Protesting French employees of the company English Channel passenger and freight ferry company "MyFerryLink" block the railway tracks of the Eurostar Channel tunnel line with a burning plastic barrier, on June 23, 2015 in Calais, northern France. AFP PHOTO / PHILIPPE HUGUENPHILIPPE HUGUEN/AFP/Getty Images
Protesting French employees of the company English Channel passenger and freight ferry company "MyFerryLink" block the railway tracks of the Eurostar Channel tunnel line on June 23, 2015 in Calais, northern France. AFP PHOTO / PHILIPPE HUGUENPHILIPPE HUGUEN/AFP/Getty Images
French riot police officers take position to drive out protesting French employees (unseen) of the company English Channel passenger and freight ferry company "MyFerryLink", who block the railway tracks of the Eurostar Channel tunnel line, on June 23, 2015 in Calais, northern France. AFP PHOTO / PHILIPPE HUGUENPHILIPPE HUGUEN/AFP/Getty Images
French riot police officers (Front) drive out protesting French employees (Rear) of the company English Channel passenger and freight ferry company "MyFerryLink", from the railway tracks of the Eurostar Channel tunnel line, on June 23, 2015 in Calais, northern France. AFP PHOTO / PHILIPPE HUGUENPHILIPPE HUGUEN/AFP/Getty Images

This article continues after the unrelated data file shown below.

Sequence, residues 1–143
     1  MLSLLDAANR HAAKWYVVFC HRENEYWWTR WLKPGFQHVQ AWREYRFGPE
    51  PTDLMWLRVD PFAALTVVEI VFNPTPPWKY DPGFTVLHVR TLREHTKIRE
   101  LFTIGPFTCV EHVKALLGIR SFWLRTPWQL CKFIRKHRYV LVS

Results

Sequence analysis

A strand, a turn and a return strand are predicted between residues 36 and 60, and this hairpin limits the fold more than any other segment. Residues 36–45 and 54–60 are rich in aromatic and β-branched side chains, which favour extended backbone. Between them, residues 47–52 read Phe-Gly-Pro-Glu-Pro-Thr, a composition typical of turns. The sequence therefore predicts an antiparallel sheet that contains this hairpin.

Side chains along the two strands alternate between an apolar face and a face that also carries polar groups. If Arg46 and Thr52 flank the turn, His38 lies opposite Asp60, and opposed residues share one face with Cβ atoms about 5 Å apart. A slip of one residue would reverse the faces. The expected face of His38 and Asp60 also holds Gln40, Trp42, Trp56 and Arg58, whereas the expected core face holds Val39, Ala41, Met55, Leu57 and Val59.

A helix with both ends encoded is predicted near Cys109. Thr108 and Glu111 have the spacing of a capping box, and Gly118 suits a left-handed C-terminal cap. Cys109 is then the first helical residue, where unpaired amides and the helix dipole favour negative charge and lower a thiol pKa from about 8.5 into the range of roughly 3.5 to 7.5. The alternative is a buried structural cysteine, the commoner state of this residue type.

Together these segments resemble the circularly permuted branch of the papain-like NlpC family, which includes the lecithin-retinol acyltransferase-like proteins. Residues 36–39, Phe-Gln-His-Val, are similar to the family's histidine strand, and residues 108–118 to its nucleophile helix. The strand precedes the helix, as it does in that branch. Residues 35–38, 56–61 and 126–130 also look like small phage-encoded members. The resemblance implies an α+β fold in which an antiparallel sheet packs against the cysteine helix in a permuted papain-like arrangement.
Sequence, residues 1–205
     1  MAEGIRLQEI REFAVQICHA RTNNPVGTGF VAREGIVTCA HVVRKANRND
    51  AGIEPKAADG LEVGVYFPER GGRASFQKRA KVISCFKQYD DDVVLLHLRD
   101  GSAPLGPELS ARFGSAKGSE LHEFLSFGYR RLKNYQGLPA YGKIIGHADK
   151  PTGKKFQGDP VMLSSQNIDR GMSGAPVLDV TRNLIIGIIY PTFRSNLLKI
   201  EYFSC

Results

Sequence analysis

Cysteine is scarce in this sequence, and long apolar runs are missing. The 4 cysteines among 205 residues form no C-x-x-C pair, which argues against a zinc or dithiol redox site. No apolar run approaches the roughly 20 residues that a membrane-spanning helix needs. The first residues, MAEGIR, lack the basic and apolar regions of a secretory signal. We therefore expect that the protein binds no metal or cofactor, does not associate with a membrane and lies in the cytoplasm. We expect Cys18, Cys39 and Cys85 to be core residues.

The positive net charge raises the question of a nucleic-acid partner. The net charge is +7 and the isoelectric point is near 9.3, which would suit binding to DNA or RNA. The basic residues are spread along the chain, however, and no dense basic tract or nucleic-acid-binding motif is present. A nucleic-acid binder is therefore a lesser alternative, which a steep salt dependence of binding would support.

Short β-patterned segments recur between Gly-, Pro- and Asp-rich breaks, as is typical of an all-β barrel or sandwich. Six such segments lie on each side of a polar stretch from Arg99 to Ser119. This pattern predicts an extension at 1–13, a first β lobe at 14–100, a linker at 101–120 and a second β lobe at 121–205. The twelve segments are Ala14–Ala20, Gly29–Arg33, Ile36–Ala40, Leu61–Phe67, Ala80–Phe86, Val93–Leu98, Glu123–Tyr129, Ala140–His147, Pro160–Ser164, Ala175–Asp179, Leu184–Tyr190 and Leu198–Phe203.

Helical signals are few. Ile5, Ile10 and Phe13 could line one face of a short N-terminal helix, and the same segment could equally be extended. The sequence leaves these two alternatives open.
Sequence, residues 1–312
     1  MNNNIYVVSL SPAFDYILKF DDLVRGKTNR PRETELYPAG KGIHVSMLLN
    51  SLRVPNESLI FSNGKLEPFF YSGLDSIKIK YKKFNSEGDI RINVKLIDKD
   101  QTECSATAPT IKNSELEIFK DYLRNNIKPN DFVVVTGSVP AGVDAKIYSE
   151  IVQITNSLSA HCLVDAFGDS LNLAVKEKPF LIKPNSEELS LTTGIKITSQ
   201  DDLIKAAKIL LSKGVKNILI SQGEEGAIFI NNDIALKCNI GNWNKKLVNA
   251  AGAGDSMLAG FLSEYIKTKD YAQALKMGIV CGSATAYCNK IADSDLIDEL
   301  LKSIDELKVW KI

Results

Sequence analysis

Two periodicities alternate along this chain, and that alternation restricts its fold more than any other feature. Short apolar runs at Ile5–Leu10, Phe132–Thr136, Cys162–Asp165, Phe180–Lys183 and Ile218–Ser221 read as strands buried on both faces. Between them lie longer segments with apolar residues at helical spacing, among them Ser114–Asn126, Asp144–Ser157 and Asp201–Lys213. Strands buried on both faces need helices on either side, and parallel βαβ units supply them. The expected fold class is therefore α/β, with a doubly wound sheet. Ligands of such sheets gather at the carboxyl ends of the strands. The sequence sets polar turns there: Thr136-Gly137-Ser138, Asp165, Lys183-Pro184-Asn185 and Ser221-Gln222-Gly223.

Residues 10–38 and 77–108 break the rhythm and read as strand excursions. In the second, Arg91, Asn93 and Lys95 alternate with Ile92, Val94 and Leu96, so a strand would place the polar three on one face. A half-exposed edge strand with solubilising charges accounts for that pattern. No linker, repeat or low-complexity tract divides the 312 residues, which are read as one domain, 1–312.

Migrants open a lorry in a failed attempt to cross the English Channel, in Calais, northern France, Wednesday, June 24, 2015. (AP Photo/Thibault Camus)
Migrants open a lorry in a failed attempt to cross the English Channel, in Calais, northern France, Wednesday, June 24, 2015. (AP Photo/Thibault Camus)
Migrants wait along a motorway leading to a ferry port to cross the English Channel, in Calais, northern France, Wednesday, June 24, 2015. (AP Photo/Thibault Camus)
Passengers wait to board Eurostar trains at a busy St Pancras International, London, as hundreds of passengers were left stranded on both the English and French sides of the tunnel yesterday as a result of disruption at Calais.

Nigel Farage has suggested the Channel Tunnel might need to be closed permanently to stop migrants reaching Britain from Calais.

The Ukip leader said "it is always possible isn't it" when asked if closing the link between Britain and France, either temporarily or permanently, was a possible solution to the crisis.

Politicians are discussing measures being taken to deal with chaotic scenes at Calais, where large numbers of migrants living in a tent city have attempted to enter the Channel Tunnel.

Mr Farage made the remark during a question and answer session following a speech on the European Union referendum and repeated the suggestion later with reporters.

He said: "It's always possible, isn't it. Let's say I hope it doesn't happen.

"It's important, the Channel Tunnel is important. It's important for trade, it's important for leisure.

"Let us hope those circumstances don't occur - but if the French authorities don't start to take a much stronger and tougher line it is a very real possibility.

"What's happened is all of the emphasis was on the ferry port. If you go back six months, it was the ferry port where the migrants were camped, it was the ferry port where people were attempting to get into lorries and cars.